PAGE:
The writing is equally mediocre. The author apparently has never had a lesson in the proper use of tense in the English language, as she(?) consistently misuses it, using the simple past when she should be using the past perfect. In addition, as so often happens with self-published books, this story suffers profoundly from the lack of careful editing. A quality editor would have fixed the tense issues, as well as other grammatical problems like use of the wrong homonym ("site" instead of "sight," "ceased" instead of "seized," etc.). A skilled editor would also have called attention to plot holes both minor (characters having the same conversation multiple times on a page; a character stands up and then a few paragraphs later stands up again; characters sit at the dinner table but never eat) and major. I could go on into a litany of the big plot holes in this story, but what would be the point? The surprise plot twist at the end is a convenient out for the author to say "aha, but that wasn't really a plot hole because..." Sorry, no. If it jumps out at me while I'm reading and is never satisfactorily resolved, it's still a plot hole.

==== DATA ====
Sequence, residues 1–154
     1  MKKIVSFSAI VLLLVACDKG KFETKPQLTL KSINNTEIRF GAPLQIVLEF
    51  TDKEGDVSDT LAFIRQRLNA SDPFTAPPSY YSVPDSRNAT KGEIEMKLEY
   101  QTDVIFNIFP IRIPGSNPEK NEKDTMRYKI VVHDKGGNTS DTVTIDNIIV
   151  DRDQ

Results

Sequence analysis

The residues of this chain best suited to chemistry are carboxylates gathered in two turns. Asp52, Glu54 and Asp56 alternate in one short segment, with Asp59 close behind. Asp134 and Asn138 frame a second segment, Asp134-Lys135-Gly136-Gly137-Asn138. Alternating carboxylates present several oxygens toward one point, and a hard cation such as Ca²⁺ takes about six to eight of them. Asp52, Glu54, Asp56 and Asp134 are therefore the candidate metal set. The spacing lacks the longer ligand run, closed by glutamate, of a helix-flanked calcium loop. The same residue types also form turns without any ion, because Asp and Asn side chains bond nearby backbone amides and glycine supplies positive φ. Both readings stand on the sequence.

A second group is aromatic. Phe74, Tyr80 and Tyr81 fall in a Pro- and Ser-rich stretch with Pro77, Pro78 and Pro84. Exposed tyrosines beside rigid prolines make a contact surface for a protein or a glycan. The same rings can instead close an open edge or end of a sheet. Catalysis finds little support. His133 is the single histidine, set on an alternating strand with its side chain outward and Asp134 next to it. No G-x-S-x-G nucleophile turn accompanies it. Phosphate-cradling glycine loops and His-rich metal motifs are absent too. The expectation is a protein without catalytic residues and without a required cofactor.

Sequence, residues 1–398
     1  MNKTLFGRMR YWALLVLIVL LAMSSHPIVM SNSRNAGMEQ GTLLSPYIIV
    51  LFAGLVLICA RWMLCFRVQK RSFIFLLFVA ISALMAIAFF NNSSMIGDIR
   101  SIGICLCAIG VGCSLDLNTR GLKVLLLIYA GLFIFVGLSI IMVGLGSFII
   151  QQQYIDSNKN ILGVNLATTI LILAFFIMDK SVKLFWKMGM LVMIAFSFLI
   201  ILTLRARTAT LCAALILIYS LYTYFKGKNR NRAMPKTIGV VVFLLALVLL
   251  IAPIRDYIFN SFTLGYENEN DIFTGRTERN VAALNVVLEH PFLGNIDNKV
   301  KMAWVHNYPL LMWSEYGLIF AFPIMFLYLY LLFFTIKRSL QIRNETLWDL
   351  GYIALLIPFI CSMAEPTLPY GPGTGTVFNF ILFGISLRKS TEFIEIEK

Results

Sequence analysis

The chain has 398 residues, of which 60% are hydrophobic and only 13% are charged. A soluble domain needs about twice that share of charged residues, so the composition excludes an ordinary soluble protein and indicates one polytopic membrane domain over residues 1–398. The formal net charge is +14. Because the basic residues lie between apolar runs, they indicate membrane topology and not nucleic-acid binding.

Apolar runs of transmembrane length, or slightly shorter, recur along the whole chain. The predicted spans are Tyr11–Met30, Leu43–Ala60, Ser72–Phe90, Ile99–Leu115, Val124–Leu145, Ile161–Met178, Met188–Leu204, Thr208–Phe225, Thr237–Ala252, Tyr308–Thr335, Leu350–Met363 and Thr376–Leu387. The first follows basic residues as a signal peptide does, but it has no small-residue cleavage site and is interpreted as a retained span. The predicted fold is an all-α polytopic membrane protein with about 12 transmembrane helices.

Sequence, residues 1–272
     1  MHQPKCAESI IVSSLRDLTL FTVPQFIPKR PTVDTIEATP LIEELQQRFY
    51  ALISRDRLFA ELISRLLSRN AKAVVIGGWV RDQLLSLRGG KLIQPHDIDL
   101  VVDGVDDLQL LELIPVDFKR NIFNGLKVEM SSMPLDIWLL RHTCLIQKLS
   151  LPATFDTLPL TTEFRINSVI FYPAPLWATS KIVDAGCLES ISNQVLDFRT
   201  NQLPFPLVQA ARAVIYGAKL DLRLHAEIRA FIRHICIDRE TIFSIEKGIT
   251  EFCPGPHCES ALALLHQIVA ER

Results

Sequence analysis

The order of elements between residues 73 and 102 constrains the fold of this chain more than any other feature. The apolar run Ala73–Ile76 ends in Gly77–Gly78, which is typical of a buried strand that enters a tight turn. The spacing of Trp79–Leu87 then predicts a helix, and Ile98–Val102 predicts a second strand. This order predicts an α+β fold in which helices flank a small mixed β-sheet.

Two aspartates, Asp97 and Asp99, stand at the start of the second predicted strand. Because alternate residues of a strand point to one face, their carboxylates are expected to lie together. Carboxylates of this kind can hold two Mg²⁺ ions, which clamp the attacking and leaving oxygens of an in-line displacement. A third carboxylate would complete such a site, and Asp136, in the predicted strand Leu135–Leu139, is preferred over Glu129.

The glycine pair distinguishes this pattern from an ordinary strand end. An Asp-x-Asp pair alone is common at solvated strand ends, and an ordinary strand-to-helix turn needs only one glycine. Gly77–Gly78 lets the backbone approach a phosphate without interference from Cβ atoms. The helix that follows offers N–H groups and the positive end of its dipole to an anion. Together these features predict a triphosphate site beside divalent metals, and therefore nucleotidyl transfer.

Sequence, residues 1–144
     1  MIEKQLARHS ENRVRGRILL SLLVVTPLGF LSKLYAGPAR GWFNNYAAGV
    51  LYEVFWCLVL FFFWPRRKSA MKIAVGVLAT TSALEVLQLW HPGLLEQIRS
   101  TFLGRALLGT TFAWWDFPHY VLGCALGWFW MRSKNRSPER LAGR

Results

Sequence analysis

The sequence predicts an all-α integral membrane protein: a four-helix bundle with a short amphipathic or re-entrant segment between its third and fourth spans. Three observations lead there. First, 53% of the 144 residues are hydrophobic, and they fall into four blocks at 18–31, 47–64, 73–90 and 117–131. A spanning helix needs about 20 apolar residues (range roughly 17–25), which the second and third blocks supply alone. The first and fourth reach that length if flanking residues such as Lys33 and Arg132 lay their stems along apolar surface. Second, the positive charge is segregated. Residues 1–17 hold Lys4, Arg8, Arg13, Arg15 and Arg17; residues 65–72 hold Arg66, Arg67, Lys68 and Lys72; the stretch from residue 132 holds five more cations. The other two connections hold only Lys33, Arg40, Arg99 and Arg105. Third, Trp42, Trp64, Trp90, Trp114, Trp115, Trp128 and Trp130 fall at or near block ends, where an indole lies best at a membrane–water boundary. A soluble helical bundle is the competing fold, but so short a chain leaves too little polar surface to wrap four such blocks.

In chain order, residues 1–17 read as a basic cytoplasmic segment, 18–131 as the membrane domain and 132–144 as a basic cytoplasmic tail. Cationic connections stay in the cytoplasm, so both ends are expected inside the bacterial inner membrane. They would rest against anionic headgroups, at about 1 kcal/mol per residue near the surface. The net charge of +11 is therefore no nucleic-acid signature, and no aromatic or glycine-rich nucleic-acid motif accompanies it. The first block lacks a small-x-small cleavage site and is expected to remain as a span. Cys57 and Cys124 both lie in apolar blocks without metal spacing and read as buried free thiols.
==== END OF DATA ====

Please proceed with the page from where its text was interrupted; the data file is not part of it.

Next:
The story's protagonist spends approximately three-fourths of the novel being dragged through various streets, corridors, secret passageways, and subway lines (the latter mysteriously still in perfect working order even though no one knows about them) by members of the rebellion, who shout long paragraphs of exposition at her while they shunt her from place to place, answering half her questions with "I'll explain that later." This is not good storytelling. And when the protagonist isn't being lectured, she's lecturing us, the readers, on the details of her society and its history! Overall the book contains WAAAAY too much exposition, demonstrating that the author has never heard the "show, don't tell" rule of creative writing.